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Evans “dismissed and disqualified” for violating league’s anti-drug program
Tyreke Evans has been suspended by the NBA for two years for violating the league’s anti-drug program, the league announced late Friday.
The league and players association are not allowed to comment or disclose information about testing or treatment of a player, the league noted in the release it sent out.
The Detroit Pistons likely had Evans on their short list this offseason as they searched for playmaking and wing depth.
That pales in comparison to Evans’ overall health and well-being, of course, but I know a lot of Pistons fans were interested in seeming him in red, white and blue even after his on-court struggles this past season.
Following a comeback season with the Memphis Grizzlies, Evans signed with the Indiana Pacers to play a key role off the bench. He struggled mightily all year. In his first and only season with the Pacers, Evans averaged a career low in in points, free-throw attempt rate, free-throw percentage, rebounds, assists and steals.
Evans’ surprise suspension brings to mind what happened to OJ Mayo three years ago. Mayo, never known for taking care of himself, was suspended by the NBA in 2016 for two years for violating the same clause in the CBA.
Mayo attempted a comeback prior to this past season, but he didn’t catch on with any roster. He ended up playing with clubs in Puerto Rico, Taiwan and China in the past year.
Evans faces similar odds to make it back onto an NBA court. While he’s better than Mayo, even accounting for his struggles this past season, he will be 32 years old by the time he is eligible to see an NBA court again.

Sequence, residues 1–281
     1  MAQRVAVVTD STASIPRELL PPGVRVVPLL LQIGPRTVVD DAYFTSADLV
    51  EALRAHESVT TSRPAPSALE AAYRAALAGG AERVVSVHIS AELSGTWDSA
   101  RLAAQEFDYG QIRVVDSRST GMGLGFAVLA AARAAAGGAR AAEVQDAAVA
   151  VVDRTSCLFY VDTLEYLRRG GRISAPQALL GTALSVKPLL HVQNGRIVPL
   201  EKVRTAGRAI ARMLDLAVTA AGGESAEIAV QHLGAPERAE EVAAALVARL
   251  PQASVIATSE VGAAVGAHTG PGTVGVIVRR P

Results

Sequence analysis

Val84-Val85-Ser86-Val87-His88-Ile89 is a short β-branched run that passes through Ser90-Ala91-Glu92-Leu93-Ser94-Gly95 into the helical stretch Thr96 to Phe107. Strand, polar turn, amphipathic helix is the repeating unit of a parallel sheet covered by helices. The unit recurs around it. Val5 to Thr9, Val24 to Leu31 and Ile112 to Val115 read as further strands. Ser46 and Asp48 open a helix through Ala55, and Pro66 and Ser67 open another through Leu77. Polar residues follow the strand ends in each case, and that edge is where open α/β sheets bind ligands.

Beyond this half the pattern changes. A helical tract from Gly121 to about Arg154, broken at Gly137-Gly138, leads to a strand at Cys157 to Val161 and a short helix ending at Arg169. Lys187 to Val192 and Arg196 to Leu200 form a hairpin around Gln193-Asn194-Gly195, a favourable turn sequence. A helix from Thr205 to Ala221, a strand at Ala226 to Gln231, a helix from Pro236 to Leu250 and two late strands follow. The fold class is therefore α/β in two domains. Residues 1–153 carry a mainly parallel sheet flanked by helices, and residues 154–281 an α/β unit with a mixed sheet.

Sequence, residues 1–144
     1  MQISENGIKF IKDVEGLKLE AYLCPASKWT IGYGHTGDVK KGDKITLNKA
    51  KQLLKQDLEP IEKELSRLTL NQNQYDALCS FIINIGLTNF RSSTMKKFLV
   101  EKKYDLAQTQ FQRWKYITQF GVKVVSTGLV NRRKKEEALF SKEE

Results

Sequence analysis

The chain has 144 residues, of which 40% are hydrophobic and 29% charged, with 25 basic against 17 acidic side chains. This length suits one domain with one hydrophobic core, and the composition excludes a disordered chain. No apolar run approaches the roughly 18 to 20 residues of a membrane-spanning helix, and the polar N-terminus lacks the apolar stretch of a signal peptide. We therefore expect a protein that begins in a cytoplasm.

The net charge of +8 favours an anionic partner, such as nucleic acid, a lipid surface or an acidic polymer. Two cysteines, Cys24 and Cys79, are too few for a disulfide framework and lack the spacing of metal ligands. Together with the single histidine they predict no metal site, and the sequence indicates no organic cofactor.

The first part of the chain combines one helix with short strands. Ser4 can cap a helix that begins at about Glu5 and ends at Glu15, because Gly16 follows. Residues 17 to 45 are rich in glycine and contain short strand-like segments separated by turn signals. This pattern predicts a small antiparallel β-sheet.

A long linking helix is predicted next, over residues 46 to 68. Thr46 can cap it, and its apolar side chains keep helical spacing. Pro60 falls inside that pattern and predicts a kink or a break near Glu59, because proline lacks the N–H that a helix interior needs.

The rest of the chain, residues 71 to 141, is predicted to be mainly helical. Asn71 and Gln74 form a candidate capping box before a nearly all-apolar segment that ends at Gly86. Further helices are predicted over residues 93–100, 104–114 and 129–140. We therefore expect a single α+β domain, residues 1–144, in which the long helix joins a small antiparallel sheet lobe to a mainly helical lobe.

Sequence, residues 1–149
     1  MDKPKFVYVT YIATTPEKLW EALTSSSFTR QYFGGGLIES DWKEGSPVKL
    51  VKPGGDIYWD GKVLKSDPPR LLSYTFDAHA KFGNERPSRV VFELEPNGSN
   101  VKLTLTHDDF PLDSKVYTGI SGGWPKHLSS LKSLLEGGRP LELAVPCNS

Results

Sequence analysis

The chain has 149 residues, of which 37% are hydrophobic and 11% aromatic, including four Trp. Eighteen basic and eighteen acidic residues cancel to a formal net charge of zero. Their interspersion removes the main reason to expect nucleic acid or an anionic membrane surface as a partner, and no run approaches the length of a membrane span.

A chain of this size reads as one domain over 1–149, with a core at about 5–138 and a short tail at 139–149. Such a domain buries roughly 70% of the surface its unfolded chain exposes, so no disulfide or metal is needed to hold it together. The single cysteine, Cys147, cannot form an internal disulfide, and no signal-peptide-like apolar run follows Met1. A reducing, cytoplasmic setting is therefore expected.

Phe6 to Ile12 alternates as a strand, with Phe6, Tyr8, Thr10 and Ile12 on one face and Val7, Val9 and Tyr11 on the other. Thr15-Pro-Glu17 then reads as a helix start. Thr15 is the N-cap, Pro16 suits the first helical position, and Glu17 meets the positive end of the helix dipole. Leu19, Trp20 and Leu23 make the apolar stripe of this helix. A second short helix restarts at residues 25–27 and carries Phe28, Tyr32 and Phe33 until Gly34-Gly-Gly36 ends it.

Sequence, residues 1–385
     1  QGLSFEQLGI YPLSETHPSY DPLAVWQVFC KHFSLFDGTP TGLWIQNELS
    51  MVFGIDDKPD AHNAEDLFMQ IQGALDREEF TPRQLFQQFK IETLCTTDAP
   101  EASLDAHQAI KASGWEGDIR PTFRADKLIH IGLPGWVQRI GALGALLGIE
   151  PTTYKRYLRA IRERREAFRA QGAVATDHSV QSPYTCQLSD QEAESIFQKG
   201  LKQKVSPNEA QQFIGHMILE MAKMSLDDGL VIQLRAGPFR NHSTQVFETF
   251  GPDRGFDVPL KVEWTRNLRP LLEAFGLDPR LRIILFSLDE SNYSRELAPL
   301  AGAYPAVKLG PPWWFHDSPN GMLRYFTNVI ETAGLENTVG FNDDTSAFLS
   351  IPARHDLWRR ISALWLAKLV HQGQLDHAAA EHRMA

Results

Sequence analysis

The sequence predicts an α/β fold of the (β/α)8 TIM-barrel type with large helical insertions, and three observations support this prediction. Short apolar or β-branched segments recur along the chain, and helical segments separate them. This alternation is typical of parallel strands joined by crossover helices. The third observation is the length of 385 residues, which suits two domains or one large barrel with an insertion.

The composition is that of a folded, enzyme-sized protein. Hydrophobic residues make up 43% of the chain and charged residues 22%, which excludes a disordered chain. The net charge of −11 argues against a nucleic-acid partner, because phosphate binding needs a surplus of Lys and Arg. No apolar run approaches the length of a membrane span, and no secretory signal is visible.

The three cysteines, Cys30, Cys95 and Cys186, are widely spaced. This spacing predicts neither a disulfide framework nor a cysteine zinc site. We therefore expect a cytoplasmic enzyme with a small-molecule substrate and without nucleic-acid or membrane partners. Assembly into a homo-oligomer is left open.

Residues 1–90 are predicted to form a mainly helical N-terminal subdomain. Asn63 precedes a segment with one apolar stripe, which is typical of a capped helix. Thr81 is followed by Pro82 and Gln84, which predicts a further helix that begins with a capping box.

The Pistons aren’t involved but the results could have a huge impact on both conferences
Zion Williamson is the consensus No. 1 pick of the upcoming NBA Draft, and tonight we will find out which lucky team will get to draft the Duke superstar (or trade the pick for Anthony Davis or an Anthony Davis-like player).
Date: Tuesday, May 14 Time: 8:30 p.m. EST Location: Chicago, Illinois Watch: ESPN or Watch ESPN
I want to have multiple draft analysts on the podcast in the coming weeks to talk about the draft, and I want to know specifically what you all (not just Duke and Scott, who have been going deep on this draft since November, feels like) want to know about the eligible draftees. This is a big draft for the Pistons, in that they need to get this pick right, so I want to exhaust every potential option for them.
As always, we appreciate your continued support of the podcast, and the best way to do that is to share, subscribe, and leave comments - please leave comments on this discussion post, it’s the best way for us to build the podcast according to what you all are talking about.